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Alabama Career Colleges and Universities

Career and Technical Training in Alabama

Career Colleges, Technical Schools, and Universities in Alabama

Looking for accredited career colleges and universities in Alabama. Alabama has a wide range of options for both public and private institutions. Each program from a Alabama Career College, a post-secondary for-profit institution, offers an education with an in-demand career field. The programs are designed to get you work-ready, equipped with the practical knowledge, and the competence needed to obtain a competitive career in Alabama.

At career colleges in Alabama, you typically don't take general education classes in core subjects such as English and math. Instead, you focus on career-related courses.

Career Education in Alabama Cities:

Alabama Career-Focused Degree Programs

Alabama colleges can help you land the job--and paycheck--you want. Here's how.

Alabama state colleges and careers: Discover your potential

For most future workers, higher education brightens the forecast. This is particularly true in Alabama, where studies show residents are not just trailing the average American in terms of educational attainment, but are failing to meet projected employer demand for college-educated workers. Alabama universities can provide you with with the credentials you need to complete in tomorrow's workforce.

Alabama state colleges: by the numbers

Anyone who has spent time in the Yellowhammer State can tell you how important 'Bama college football is, but Alabama career schools and colleges are competitive off the field, too. The University of Alabama, Troy University and Auburn University remain the state's largest schools, and all have a good degree of name recognition. Alabama universities are affordable, too: According to the National Center for Education Statistics, the average cost to attend Alabama state colleges in 2009-10 was $13,052, nearly $2,000 below the national average. Unfortunately, too few Alabamans are taking advantage of these benefits.

According to the 2008 U.S. Census, 31.6 percent of Alabama residents age 25 and older had earned degrees compared to a 37.9 percent national average. The Lumina Foundation notes that if the current educational attainment rate holds, 43 percent of Alabamans will have earned associate degrees or above by 2025. Unfortunately, this may not be enough: Georgetown's Center for Education and the Workforce (CEW) projects that 63 percent of all U.S. employers will require higher education by 2018.

The CEW notes that as education gaps widens, so does income disparity. The good news: Alabama colleges can help you compete for a better job, and a better paycheck, especially in high-demand fields.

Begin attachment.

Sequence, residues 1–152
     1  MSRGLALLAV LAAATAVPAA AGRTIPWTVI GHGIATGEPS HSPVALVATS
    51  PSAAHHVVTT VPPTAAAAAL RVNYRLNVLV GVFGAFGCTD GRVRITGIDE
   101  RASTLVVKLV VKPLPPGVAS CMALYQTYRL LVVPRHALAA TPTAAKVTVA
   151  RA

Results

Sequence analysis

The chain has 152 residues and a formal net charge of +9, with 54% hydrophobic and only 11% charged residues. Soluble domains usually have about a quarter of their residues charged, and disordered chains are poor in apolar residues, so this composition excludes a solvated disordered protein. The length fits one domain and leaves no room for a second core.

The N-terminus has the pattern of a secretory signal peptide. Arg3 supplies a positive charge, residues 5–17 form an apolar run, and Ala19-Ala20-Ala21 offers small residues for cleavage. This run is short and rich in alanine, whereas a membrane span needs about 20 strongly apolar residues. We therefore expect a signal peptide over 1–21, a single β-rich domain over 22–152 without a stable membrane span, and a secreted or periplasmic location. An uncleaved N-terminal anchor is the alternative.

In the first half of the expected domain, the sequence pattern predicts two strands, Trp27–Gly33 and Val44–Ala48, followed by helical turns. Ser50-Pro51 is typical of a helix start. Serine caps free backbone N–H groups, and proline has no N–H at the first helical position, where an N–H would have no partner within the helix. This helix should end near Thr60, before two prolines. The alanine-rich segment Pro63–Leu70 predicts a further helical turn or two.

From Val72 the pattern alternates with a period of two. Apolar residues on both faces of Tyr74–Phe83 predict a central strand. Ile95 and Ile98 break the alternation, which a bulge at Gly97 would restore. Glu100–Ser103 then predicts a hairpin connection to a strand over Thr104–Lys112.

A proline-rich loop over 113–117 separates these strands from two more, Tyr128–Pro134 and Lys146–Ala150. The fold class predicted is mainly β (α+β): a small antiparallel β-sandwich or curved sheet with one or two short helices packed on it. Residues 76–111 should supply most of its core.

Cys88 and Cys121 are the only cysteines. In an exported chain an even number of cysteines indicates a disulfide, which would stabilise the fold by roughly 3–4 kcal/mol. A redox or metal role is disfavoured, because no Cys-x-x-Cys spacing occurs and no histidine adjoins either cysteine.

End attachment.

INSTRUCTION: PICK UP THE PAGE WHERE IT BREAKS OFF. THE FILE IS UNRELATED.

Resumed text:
Alabama career training meets economic demand

Alabama's economy changes with the times, so knowing which industries are the most promising can win you an important career advantage. The U.S. Department of Labor notes that Honda Manufacturing of Alabama, Alabama Power Co. and Russel Brands rank among the state's largest employers, but current employment numbers do not always represent tomorrow's careerscape.

According to the Alabama Department of Industrial Relations (DIR), the following four industries are projected to grow the fastest between 2008 and 2018:

  1. Professional, scientific and technical services
  2. Administrative support, and waste management services
  3. Arts, entertainment and recreation
  4. Health care and social assistance

Meanwhile, the DIR projects the following five careers will be among the fastest growing over the same period:

  1. Vet techs
  2. Computer software engineers
  3. Occupational therapist assistants
  4. Home care aides
  5. Court reporters

These fields may be the most promising in terms of employment, but earning a degree in any field can improve your salary.

According to the U.S. Bureau of Labor Statistics, Alabamans earned a mean annual wage of $38,460 in 2009, well below the American average. While a low cost-of-living offsets this disparity to some degree, Alabama career training can make up for the rest. According to the Census Bureau, full-time bachelor's-degree-holders earned nearly $23,000 more than high school graduates in 2009, and this gap widens with advanced degrees.

Whatever your goals, investing in higher education can mean the difference between settling for a job you need and landing the lifestyle you want.

Author: Aimee Hosler

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